The request could be read as a sign of increasing Russian desperation. Any Chinese aid to Moscow would also magnify the strategic significance of the war in Ukraine and could enshrine the long-time US nightmare of a strategic compact between Beijing and Moscow at a time when China is looming as America’s major superpower rival of the 21st century. Before the invasion, Putin traveled to China to meet President Xi Jinping, where the two sides agreed to a friendship with “no limits.” There were reports the Russian leader pledged not to invade Ukraine until the end of the recent Beijing Winter Olympics. Some Western officials hope that China will use its newfound influence to help end the war. But in recent days, Beijing’s official media has magnified false Russian propaganda that the US has a chemical and biological weapons lab in Ukraine, which US officials fear could be a precursor to the use of such weapons by Russia in the war.

There is no publicly available indication that Beijing is helping Putin’s war effort — and there are reasons why China may not see its interests as fully mirroring Moscow’s in this situation. It is widely assumed that Xi will secure a historic third term in power during the Communist Party’s 20th National Congress in Beijing this fall. During such an important year, the Chinese government could be wary of its firms facing knock-on sanctions. Spiking oil prices could, in the long term, damage its economy at a time when its runaway growth rates are slowing.

Western and international sanctions have pitched the Russian economy and banking system into a deep crisis, but the extreme pain they will inflict may not come quickly enough to save Ukraine from Putin’s relentless barrage. Any Chinese aid, if it happened, could weaken the Western chokehold on the Russian economy and ease political pressure on Putin for a change of course.

The war is becoming more dangerous

Putin is intensifying his bombardment of Ukraine rather than stepping back.

In an alarming new expansion of the war, Russian missiles fired from planes over the Black and Azov seas hit a military base near Lviv, killing at least 35 people on Sunday, local authorities said. The target was perilously close to the border of NATO member Poland. While President Joe Biden has said he will not send US troops to Ukraine, he has vowed to defend “every inch” of the western alliance’s territory.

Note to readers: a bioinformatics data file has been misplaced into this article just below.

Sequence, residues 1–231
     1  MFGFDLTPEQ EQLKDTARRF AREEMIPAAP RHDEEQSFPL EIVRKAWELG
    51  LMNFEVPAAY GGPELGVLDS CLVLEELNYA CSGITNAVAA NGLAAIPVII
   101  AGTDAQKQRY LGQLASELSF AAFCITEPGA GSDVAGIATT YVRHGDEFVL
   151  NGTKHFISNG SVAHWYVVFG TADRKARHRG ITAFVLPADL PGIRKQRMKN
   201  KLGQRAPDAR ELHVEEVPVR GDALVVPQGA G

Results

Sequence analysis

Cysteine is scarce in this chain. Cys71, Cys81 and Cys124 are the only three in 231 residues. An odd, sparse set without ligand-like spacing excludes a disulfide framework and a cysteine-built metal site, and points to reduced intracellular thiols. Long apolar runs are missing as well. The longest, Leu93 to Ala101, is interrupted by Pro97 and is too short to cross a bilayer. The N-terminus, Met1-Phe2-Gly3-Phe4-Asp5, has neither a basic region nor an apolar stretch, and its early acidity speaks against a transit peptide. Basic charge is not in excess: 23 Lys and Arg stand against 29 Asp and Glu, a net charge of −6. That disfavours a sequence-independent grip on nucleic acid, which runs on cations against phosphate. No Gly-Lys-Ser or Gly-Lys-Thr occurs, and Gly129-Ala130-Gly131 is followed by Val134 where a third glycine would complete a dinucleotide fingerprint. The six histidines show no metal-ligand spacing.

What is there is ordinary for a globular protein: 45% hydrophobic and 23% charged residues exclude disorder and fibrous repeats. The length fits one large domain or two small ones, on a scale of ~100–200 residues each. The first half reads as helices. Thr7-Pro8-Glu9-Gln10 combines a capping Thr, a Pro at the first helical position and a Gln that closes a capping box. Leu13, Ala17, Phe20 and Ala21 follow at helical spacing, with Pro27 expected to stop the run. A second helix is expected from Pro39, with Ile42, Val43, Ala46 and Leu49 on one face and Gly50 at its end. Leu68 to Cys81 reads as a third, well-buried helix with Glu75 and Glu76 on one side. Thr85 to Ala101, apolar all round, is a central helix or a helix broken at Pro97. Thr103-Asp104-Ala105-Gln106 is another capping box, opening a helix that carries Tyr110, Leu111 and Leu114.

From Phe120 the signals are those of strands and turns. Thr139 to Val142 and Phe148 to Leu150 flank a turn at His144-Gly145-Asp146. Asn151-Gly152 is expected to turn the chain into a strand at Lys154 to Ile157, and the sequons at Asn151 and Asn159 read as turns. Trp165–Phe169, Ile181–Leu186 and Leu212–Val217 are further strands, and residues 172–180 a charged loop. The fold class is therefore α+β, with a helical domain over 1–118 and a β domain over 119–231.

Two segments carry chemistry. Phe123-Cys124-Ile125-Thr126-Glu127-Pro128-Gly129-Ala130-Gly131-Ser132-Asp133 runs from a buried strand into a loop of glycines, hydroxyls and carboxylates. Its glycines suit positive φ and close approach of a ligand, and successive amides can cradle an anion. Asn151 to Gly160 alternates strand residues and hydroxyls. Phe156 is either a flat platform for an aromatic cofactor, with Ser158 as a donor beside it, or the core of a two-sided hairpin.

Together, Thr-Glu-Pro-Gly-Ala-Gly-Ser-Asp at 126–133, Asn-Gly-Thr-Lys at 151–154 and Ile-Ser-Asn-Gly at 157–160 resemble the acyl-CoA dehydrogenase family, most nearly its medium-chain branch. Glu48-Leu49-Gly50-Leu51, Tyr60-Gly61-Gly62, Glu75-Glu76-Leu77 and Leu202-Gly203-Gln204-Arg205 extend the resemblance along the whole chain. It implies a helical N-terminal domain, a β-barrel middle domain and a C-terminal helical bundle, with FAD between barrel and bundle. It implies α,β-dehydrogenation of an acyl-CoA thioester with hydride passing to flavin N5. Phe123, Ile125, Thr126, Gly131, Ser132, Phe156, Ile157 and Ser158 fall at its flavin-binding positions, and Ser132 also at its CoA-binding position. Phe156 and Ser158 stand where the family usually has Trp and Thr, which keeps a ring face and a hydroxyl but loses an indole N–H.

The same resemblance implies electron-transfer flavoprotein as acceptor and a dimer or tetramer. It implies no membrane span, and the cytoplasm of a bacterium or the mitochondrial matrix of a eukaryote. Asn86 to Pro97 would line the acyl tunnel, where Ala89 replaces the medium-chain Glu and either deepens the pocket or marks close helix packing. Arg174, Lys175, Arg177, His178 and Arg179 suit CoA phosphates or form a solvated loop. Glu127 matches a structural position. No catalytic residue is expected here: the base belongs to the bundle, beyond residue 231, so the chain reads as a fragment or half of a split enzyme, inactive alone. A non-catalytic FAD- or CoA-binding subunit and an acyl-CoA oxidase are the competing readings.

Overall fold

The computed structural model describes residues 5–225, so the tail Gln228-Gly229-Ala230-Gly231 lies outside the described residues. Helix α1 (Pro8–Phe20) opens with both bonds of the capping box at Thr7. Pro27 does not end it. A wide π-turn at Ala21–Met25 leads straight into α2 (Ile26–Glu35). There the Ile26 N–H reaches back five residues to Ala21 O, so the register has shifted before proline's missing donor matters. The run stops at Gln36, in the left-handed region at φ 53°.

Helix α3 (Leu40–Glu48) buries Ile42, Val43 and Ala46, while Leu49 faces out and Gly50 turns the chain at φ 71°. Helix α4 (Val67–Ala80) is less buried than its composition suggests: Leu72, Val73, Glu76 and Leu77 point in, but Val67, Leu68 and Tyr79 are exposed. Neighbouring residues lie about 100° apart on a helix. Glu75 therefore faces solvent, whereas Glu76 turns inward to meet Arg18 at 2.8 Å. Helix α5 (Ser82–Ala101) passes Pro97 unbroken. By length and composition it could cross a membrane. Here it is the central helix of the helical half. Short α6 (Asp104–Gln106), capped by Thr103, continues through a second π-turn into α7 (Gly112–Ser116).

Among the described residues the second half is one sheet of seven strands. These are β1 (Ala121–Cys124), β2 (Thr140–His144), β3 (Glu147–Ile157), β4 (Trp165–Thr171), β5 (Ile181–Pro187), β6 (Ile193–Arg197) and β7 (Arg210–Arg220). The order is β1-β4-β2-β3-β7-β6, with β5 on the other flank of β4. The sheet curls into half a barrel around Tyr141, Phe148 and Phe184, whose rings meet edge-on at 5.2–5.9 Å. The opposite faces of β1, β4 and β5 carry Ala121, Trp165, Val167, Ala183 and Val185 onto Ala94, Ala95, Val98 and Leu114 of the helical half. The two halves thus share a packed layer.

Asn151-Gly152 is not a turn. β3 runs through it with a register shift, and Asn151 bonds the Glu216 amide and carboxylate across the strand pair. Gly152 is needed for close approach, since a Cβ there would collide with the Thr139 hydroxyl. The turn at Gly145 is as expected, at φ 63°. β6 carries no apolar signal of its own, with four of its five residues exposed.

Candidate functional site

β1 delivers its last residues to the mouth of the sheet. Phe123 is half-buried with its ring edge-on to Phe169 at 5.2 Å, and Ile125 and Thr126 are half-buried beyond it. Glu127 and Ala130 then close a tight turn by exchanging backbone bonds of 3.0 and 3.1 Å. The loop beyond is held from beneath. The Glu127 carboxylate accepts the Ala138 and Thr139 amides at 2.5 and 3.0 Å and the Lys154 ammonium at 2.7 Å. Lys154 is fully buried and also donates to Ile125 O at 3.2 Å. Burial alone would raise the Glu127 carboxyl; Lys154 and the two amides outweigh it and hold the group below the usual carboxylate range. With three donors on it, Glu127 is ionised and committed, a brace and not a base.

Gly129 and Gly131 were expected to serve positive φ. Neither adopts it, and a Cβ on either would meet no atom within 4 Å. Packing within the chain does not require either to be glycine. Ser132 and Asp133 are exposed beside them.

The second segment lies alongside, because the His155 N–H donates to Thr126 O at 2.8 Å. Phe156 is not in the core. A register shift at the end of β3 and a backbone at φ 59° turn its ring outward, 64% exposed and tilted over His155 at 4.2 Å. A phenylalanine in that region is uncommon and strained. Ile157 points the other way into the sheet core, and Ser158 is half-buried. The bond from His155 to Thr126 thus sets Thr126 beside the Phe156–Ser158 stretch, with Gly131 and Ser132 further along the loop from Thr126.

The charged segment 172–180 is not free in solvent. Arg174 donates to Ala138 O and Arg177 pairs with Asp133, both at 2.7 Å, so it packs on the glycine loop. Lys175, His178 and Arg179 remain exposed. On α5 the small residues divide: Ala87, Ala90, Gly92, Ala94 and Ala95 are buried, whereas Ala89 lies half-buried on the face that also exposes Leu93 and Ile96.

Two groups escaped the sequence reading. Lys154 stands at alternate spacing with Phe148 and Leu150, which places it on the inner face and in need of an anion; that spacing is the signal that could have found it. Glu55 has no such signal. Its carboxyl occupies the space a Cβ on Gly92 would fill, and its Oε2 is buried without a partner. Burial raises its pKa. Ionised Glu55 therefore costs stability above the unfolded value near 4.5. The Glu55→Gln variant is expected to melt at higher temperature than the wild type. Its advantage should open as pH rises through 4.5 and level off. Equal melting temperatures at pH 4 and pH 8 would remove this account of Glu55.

In another sign of Putin’s aggressive intent, after more than three weeks being bogged down in the country, his troops were within 15.5 miles of the capital Kyiv, according to British intelligence on Saturday.

There were conflicting signs in Europe and Washington on Sunday about the prospects of talks between Russian and Ukrainian officials, which so far have yielded little progress, as well as about a broader international diplomatic effort to get Putin to agree to a ceasefire. US Deputy Secretary of State Wendy Sherman argued on Fox on that the pressure from sanctions was beginning to have an effect on the Russian leader.

“We are seeing some signs of a willingness to have real serious negotiations,” Sherman said. But she added: “It appears that Vladimir Putin is intent on destroying Ukraine.” Sullivan was downbeat on the prospects for diplomacy on “State of the Union,” saying Putin “does not look like he is prepared to stop the onslaught.”

Still, Ukrainian presidential adviser Mykhailo Podoliak said he thinks talks could “achieve concrete results” in the next few days since Russia has started to talk “constructively.” And Leonid Slutsky, a Russian delegation member for the talks, said “significant progress” has been made in negotiations with the Ukrainian delegation since they began, Russian state news agency RIA reported.

But the sides appear far apart in principle — with Ukraine demanding a withdrawal of Russian troops. Moscow went into the conflict calling on NATO to pull back troops from former Warsaw Pact states in eastern Europe, which is even less likely now given Russia’s treatment of Ukraine.

And nothing Putin has done so far suggests that he is contemplating a reversal of a plan that has laid waste to vast areas of Ukraine and now appears to be zeroing in on Kyiv for the decisive battle.